This is all over and done with now, lithium cells have no memory. It has been suggested that it may be better to 'fully-charge' a lithium cell the first time it is used, but since the best chargers don't go past 4.18 volts, this would be impossible anyway.

    It might also be worth considering that the concepts of 'fully charged' or 'fully discharged' don't really exist for batteries: what you have is a voltage range at the top end where reduced service life becomes more prevalent the higher the charge voltage is, and the charge capacity also becomes affected; and the same at the bottom end for discharge voltages, where the lower the voltage goes, degradation increases. All you are really doing is agreeing to voltages that are a fair balance between performance vs service life. Going beyond a certain value, at either end, leads to degraded performance; and there is a value at which the amount of damage increases rapidly.


    How to tell the discharge level?
    There is a problem with many APVs in that you can't tell the battery discharge state, i.e. when to recharge it. You can either pull it out and check it with a meter, or make sure to recharge your cells regularly even though the APV still works well. Protected Li-ion cells are OK as they cut out when too low, but it is a problem with other types like Li-Mn (AW IMRs for example).

    This is a problem because running a lithium cell too low will damage it; and approaching anywhere near the damage point reduces the battery service life. Ideally every APV, even the basic electrical type, would have a battery voltage readout or a protection circuit.


    My charger goes to 4.21 volts, what can I do?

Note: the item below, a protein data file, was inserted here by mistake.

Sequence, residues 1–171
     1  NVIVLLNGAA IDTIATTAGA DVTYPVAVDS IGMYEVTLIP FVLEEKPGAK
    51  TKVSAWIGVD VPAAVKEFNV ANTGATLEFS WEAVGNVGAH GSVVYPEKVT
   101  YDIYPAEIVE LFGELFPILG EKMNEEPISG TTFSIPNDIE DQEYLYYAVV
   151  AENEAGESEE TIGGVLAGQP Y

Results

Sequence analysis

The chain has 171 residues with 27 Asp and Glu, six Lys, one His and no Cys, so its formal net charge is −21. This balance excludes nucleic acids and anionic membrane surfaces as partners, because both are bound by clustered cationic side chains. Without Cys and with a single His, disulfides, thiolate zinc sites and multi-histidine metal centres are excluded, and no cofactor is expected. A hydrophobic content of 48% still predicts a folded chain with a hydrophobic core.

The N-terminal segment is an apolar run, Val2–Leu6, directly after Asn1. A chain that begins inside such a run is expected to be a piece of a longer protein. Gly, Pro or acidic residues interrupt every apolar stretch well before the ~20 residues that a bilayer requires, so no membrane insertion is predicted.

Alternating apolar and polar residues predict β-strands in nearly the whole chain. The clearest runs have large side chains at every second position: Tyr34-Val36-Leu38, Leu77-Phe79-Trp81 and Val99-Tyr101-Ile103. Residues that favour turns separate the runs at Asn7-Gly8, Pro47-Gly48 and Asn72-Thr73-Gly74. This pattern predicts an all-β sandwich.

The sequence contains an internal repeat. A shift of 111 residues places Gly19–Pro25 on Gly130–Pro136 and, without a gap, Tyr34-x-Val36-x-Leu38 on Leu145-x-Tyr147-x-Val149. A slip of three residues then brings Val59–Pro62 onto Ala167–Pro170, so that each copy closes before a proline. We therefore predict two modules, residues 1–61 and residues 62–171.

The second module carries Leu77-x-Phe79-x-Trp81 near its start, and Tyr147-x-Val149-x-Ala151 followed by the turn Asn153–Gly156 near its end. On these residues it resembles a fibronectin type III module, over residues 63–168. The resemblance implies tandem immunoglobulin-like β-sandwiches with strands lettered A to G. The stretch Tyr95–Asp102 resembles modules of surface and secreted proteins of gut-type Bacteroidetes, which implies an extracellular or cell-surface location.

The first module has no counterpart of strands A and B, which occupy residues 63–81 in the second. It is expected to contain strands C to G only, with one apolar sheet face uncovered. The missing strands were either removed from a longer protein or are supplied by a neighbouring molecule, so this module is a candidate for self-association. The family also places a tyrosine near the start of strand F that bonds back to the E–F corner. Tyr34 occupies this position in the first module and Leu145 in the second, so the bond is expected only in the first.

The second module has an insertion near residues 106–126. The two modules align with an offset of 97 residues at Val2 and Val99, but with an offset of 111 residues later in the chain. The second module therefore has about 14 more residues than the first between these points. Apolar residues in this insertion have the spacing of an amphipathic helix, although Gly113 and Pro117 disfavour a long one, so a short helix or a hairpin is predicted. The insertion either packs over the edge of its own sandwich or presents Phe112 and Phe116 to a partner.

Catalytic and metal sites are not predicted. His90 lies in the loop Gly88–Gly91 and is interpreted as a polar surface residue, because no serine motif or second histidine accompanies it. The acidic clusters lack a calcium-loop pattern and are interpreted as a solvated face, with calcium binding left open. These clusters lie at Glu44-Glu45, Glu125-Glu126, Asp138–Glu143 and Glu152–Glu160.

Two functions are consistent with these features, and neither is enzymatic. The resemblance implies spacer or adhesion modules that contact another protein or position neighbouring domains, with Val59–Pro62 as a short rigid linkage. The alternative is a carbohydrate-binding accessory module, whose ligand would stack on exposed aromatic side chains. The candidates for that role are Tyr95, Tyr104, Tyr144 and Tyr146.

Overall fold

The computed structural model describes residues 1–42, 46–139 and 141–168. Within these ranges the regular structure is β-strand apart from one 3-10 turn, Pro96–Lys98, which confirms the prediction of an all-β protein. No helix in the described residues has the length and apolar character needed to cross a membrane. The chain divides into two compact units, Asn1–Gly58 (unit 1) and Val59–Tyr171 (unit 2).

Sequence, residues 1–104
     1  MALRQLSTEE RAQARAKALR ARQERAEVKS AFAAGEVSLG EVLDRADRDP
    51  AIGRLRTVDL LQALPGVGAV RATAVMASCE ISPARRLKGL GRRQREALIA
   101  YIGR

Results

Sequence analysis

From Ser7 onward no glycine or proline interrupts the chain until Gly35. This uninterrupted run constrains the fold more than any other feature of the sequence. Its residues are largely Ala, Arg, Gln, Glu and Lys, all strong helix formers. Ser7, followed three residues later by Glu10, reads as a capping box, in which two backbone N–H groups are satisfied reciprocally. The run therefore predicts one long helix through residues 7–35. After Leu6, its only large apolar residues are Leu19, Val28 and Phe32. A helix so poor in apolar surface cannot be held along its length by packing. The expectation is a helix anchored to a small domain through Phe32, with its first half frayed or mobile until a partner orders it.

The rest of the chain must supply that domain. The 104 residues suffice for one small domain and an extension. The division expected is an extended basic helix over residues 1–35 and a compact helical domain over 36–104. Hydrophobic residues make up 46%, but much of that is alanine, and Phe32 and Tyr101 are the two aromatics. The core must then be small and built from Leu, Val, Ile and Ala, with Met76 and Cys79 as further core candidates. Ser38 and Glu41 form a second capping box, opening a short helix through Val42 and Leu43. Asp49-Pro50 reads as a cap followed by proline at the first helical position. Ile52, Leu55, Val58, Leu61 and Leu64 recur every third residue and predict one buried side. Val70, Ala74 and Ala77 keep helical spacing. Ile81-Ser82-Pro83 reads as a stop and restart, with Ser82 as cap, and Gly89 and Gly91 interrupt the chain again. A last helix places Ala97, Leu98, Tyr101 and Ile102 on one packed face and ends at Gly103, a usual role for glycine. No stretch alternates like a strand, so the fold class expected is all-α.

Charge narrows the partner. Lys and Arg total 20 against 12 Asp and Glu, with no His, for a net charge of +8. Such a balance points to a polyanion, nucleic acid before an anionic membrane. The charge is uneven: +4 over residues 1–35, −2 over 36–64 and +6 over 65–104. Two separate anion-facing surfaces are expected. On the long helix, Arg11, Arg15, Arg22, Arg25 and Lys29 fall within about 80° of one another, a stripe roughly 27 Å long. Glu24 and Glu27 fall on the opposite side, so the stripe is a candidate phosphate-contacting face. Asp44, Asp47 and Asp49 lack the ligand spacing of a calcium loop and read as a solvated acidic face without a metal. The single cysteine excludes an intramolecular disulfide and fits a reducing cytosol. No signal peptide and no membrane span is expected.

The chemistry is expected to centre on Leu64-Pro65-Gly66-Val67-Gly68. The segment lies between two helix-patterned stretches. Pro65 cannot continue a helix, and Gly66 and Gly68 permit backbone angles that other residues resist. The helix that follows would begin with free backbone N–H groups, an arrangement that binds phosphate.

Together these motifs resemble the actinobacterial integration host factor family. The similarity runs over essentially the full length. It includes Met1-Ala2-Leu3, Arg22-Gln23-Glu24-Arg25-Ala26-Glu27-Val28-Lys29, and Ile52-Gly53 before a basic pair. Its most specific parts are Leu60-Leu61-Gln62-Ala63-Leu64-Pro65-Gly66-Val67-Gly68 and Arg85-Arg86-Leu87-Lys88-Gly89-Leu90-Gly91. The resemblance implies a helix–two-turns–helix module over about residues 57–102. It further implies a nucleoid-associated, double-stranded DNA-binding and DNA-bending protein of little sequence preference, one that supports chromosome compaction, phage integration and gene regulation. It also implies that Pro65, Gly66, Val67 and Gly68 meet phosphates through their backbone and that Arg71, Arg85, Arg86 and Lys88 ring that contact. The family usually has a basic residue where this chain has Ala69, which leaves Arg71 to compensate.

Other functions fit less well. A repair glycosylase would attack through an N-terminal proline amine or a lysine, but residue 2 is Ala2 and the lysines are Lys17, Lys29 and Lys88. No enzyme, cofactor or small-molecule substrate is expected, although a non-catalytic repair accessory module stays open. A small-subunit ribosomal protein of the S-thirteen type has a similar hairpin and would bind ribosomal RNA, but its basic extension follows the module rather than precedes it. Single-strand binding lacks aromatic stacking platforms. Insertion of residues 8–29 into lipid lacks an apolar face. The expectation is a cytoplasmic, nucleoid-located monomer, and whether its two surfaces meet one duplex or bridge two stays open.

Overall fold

You will get the absolute maximum safe charge for the battery. However, the service life sees some reduction: it won't last as long. There's nothing you can do about it, except remove the battery before it is fully charged - let it rest for 2 minutes - measure the voltage - decide whether to leave it, or put it back in for more charge (if it's below say 4.15 volts).

    To get maximum battery life you need a charger that doesn't go above 4.17 volts. To get a maximum charge each time, without worrying how long the battery will last, you need a charger that goes to 4.21 volts. To be able to choose between the two, as required, you need a charger with a variable voltage cut-out at the top end. There isn't one - a gap in the market, perhaps, for a charger that has a dial variable between 4.16 and 4.21 volts, and an LCD voltage readout.



    --------------
    [1] The concept of a 'minimum low point' is a flexible one. An Li-Mn cell should not be taken below 2.5 volts as that will lead to damage, that is to say, an immediate reduction in capacity and recharge cycles (service life). If it is always taken below a point somewhere between 3v and 3.3v (the exact figure is not agreed) then some reduction in cycles will be seen. Essentially, the higher the voltage when a decision to recharge the cell is made, the longer the service life of the battery, and 3.4 volts is probably an optimum figure at which to recharge the cell if maximum service life is required and an early recharge can be accepted (it is always a balance between the two).

    The other end of the scale is easier to define as we know that 4.17 volts is the optimum balance between service life and a single charge's capacity.
    Last edited by rolygate; 10-12-2012 at 10:55 PM.